“You’ve got the right idea!” declared Bob. “We’ll be fighting soon enough. But Iggy, do you see that fellow over there?” and he pointed to Captain Dickerson.
“Sure I see him. Him was the man what saved us at the fire.”
“Exactly. And he went over toward the Germans, didn’t he?”
“I thinks me he did,” admitted Iggy.
“When did you see him last?” asked Franz, as if this was a trial and he had the examination of witnesses in hand.
“We saw him between our lines and the German forces, and he wore a German uniform,” declared Bob.
“And now he wears an American outfit,” added Roger.
“That settles it!” declared Roger. “The verdict is unanimous. Captain Dickerson, as he calls himself, is a spy, and it’s our duty to denounce him!”
“Yes,” said Sergeant Jimmy, “he saved our lives—there’s no doubt about it. But he’s a spy. It breaks my heart to do it, but duty is duty! We’ll have to expose him!”
He looked at Roger and Bob. Solemnly and mournfully they nodded their heads in assent.
“I don’t know as much about it as you three fellows do,” said Franz, “but it sounds as though you’d have to. Tough luck, but it’s got to be done.”
“How about you, Iggy?” asked Bob.
“I fights mit youse,” said the Polish lad simply, “and what you says I say!”
“That ends it!” went on Jimmy. “I’d rather lose ten times five thousand francs than do this, but—well, let’s get it over with, and then we’ll jump into the fight and try to forget it.”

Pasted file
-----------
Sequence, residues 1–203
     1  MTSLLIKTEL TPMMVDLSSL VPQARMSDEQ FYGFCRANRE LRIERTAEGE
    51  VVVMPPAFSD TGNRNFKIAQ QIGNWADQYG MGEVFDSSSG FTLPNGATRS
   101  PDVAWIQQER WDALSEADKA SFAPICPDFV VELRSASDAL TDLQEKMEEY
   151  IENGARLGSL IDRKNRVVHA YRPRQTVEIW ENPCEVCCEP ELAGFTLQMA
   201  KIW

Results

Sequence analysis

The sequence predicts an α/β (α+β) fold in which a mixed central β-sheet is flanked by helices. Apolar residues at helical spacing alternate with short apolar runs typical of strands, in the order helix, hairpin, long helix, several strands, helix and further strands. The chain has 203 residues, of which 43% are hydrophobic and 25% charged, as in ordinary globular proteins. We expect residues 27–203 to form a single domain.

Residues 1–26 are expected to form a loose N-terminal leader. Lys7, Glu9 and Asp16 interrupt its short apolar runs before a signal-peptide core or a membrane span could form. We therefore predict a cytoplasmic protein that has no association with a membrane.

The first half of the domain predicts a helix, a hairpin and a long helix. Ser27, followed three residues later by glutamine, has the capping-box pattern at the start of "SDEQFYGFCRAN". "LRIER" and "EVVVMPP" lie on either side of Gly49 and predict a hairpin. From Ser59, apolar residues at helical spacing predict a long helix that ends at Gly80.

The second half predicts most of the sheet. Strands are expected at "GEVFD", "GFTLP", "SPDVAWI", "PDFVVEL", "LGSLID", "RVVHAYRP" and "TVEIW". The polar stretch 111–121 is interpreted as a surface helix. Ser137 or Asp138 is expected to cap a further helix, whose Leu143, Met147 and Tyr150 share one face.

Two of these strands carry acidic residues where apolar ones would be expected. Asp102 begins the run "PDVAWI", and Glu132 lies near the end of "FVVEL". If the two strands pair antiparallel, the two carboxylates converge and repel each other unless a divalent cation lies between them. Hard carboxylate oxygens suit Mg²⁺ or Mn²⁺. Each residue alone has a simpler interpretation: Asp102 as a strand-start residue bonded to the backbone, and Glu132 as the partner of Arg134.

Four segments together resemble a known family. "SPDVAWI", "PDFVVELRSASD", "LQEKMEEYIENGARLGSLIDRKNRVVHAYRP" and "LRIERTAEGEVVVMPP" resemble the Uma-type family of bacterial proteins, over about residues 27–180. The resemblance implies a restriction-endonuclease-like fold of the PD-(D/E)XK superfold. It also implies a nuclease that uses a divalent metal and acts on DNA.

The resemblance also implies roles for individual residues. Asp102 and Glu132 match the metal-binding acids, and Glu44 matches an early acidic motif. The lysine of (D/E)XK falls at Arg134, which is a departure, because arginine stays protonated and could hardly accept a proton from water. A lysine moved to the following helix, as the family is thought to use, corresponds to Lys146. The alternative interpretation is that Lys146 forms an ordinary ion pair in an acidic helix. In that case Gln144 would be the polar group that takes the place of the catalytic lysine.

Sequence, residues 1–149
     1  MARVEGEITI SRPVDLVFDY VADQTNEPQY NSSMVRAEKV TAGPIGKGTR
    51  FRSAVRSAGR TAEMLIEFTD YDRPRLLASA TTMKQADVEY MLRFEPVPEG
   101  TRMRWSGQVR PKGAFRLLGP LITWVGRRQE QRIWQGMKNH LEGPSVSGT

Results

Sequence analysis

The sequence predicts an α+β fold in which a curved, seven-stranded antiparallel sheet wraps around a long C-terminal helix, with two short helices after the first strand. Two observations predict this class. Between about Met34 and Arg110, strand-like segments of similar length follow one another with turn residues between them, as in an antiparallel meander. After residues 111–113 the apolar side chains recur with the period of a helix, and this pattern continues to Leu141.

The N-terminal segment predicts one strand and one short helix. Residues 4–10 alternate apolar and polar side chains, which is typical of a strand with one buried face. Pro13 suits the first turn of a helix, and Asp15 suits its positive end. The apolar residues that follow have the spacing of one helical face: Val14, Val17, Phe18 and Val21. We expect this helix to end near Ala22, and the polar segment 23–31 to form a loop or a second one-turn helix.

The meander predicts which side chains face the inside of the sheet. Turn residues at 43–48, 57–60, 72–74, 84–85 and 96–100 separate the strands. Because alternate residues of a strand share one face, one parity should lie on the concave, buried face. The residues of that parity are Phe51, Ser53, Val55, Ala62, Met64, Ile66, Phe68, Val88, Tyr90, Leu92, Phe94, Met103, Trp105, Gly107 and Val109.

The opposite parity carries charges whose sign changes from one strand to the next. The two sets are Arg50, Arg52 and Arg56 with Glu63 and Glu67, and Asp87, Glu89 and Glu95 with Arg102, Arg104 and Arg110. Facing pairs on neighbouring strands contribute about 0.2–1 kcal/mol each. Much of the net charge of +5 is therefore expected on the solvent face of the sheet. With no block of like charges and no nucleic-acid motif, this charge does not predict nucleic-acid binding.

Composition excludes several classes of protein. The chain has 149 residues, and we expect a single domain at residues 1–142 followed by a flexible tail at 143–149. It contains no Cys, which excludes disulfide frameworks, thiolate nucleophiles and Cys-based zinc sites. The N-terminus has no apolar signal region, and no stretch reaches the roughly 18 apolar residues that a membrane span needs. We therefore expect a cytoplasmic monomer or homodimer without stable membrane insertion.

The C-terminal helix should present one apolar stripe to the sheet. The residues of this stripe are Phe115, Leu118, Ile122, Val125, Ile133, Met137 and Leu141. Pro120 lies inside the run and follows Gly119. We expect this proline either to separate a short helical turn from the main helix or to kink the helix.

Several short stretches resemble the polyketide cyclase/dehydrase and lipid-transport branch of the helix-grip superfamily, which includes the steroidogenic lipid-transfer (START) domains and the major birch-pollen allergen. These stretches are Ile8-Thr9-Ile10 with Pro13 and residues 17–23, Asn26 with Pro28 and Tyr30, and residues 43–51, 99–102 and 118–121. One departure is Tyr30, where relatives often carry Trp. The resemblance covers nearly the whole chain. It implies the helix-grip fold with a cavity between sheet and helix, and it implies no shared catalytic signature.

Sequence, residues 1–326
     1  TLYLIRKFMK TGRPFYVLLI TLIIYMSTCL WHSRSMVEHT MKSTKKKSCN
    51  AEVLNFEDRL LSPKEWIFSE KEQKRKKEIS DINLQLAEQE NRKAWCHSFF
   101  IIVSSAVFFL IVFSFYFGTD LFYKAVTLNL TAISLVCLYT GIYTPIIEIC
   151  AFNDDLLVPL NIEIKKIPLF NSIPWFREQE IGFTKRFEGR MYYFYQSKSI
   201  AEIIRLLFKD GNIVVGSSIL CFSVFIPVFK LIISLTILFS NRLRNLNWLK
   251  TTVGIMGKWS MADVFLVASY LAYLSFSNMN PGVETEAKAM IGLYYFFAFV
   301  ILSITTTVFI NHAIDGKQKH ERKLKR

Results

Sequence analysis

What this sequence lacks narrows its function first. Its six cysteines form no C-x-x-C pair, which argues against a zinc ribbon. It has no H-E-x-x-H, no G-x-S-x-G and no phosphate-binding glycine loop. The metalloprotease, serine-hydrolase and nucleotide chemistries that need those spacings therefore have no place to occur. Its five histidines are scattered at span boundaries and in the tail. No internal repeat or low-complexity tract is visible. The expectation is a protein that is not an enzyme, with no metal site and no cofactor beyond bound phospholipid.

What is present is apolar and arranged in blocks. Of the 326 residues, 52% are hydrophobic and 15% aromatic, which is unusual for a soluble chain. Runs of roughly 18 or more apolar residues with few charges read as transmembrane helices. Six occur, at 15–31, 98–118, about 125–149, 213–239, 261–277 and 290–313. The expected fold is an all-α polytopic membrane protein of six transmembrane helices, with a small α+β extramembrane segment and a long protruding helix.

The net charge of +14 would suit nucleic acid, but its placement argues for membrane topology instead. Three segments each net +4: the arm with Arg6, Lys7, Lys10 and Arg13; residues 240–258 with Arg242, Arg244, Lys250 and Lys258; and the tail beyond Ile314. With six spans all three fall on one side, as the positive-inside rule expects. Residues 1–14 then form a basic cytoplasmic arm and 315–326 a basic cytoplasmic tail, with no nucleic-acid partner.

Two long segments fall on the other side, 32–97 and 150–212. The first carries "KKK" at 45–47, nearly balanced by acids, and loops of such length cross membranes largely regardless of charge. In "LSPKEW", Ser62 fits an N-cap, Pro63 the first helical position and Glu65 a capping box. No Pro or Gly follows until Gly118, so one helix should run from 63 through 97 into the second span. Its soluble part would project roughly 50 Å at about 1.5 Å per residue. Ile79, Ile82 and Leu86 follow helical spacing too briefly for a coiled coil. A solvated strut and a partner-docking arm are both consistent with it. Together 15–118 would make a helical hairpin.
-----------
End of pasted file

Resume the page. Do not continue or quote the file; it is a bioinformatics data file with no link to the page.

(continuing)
He walked up to the group of officers, in the midst of which still stood the captain. Jimmy saluted Major Wrightson, the senior officer then present, and when the latter looked at the lad, seeing that he had something to say, Jimmy spoke:
“My comrades and I,” he said, indicating his four Brothers, “wish to denounce that man as a German spy!” He spoke quietly, and pointed an accusing finger at Captain Dickerson.
“What’s that?” cried the major, in great surprise.
Jimmy repeated his statement, and as he did so he kept his eyes on the face of the accused. The latter smiled faintly, but did not seem at all alarmed.
“Have you any evidence to support this amazing statement?” asked the major.
“Plenty,” answered Jimmy, and then, briefly, he told what he and his chums had seen. During the dramatic recital, which was corroborated at several points by Roger and Bob, as well as Franz and Iggy, the captain never said a word. He continued calmly smoking a cigarette he had lighted.
“Can this be possible?” exclaimed a lieutenant, and he seemed to shrink away from Captain Dickerson.
“Have you anything to say regarding the accusation of these lads, Captain Dickerson?” asked the major, at length.
The accused flicked away the end of his cigarette. He looked at the boys, smiling cynically, and then answered calmly: